January 17th, 2018, 04:50 AM  #1  
Member Joined: Jan 2018 From: Belgrade Posts: 55 Thanks: 2  Problem with primes
I have trouble solving this problem: Quote:
1. Represent q as $\displaystyle p+2n_{1}$, and r as $\displaystyle p+2n_{2}$, but I didn't manage to solve; 2. I realise that 5 is the only prime ending with 5. It seemed to me this is a good idea, but it did not take me anywhere. Does anybody have any idea? Last edited by skipjack; January 17th, 2018 at 05:50 AM.  
January 17th, 2018, 06:23 AM  #2 
Global Moderator Joined: Dec 2006 Posts: 20,370 Thanks: 2007 
For any prime p greater than 3, pÂ²  1 is a multiple of 3, so at least one of the primes is 3. The question is ambiguous as to whether p < q < r. If p < q < r, (p, q, r) = (3, 5, 7) is the only solution. 
January 17th, 2018, 06:31 AM  #3 
Member Joined: Aug 2011 From: Nouakchott, Mauritania Posts: 85 Thanks: 14 Math Focus: Algebra, Cryptography 
Good afternoon. If $\displaystyle x$ is an integer that is not divisible by $\displaystyle 3$, then we have : $\displaystyle x^2\equiv 1\pmod 3$. So, if all the numbers $\displaystyle p,q$ and $\displaystyle r$ are not equal to $\displaystyle 3$, then we get : $\displaystyle p^2+q^2+r^2\equiv 1+1+1\equiv 3\equiv 0\pmod 3.$ And this means that sum is divisible by 3 and it is a prime number if only it is equal to 3. But, that is impossible.So one of the prime should be equal to 3. Hence, the possibilities are : $\displaystyle (3,5,7)$ and $\displaystyle (2,3,5)$. But since $\displaystyle 2^2+3^2+5^2$ is even, then the unique solution is $\displaystyle (3,5,7)$.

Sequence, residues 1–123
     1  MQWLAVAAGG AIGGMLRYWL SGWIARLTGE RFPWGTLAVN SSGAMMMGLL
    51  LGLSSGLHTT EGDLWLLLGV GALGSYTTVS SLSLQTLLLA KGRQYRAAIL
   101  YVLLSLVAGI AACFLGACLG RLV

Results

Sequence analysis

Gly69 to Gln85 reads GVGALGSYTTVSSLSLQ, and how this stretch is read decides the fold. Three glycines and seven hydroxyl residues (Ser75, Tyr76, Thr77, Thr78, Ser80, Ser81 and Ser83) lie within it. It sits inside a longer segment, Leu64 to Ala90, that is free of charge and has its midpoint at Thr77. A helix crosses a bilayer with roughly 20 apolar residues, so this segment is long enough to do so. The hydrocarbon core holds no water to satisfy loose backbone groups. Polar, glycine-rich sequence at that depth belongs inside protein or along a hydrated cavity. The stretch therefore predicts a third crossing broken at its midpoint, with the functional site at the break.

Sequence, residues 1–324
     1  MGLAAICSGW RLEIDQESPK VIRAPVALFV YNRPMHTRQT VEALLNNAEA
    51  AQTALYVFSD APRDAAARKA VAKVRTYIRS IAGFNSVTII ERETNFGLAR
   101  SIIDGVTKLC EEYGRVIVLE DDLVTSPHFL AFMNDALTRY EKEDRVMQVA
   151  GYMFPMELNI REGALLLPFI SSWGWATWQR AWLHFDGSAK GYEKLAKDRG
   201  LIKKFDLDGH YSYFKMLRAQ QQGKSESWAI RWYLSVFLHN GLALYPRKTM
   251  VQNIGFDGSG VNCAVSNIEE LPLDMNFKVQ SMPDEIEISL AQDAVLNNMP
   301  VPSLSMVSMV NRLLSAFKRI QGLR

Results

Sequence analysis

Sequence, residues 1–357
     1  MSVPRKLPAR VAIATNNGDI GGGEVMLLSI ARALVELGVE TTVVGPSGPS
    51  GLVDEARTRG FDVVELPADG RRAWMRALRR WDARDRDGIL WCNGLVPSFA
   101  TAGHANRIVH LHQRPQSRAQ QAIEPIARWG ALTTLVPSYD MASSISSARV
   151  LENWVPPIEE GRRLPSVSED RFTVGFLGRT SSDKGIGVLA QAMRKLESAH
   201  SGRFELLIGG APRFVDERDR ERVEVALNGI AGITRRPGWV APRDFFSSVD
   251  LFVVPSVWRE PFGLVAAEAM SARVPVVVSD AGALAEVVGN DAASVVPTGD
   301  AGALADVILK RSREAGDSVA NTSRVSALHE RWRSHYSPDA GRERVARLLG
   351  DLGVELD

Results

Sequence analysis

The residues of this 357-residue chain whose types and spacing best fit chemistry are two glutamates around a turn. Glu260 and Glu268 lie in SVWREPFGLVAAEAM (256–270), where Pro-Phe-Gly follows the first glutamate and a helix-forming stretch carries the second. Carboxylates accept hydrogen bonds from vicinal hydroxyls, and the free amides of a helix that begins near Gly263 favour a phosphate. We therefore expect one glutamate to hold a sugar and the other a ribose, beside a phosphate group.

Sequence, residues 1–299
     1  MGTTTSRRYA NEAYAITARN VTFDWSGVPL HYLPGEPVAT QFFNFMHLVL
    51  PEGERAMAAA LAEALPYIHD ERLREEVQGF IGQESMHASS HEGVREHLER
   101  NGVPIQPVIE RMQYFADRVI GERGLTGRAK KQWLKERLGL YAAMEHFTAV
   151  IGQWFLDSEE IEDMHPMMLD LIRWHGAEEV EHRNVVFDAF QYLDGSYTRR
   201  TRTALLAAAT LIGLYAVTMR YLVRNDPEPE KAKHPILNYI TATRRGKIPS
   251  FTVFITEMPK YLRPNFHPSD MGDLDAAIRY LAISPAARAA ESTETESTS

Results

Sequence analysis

January 17th, 2018, 06:35 AM  #4 
Member Joined: Aug 2011 From: Nouakchott, Mauritania Posts: 85 Thanks: 14 Math Focus: Algebra, Cryptography  I am really sorry . I didn't see your post before I posted my reply. It is the same idea.

January 17th, 2018, 09:17 AM  #5 
Member Joined: Jan 2018 From: Belgrade Posts: 55 Thanks: 2 
I see. Number not divisible by 3 can be represented as 3n1 or 3n2, and we have: $\displaystyle (3n1)^{2}=9n^{2}6n+1=3(3n^{2}2n)+1\equiv 1 \pmod 3$ $\displaystyle (3n2)^{2}=9n^{2}12n+4=3(3n^{2}4n)+4\equiv 1 \pmod 3$ The rest is clear to me. Thank you both. Last edited by skipjack; January 17th, 2018 at 12:48 PM. 

Tags 
primes, problem 
Thread Tools  
Display Modes  

Similar Threads  
Thread  Thread Starter  Forum  Replies  Last Post 
Particular primes : summed primes  mobel  Number Theory  2  September 21st, 2015 01:44 PM 
primes and twin primes: Number between powers of 10  caters  Number Theory  67  March 19th, 2014 04:32 PM 
primes  PerAA  Number Theory  4  October 18th, 2013 08:25 AM 
The original solution of the Twin Primes Problem  Al78Ex53:Fe#!D%03  Number Theory  26  September 30th, 2013 04:34 PM 
Please help with this math problem including primes  sophieT66  Elementary Math  5  December 2nd, 2010 04:55 PM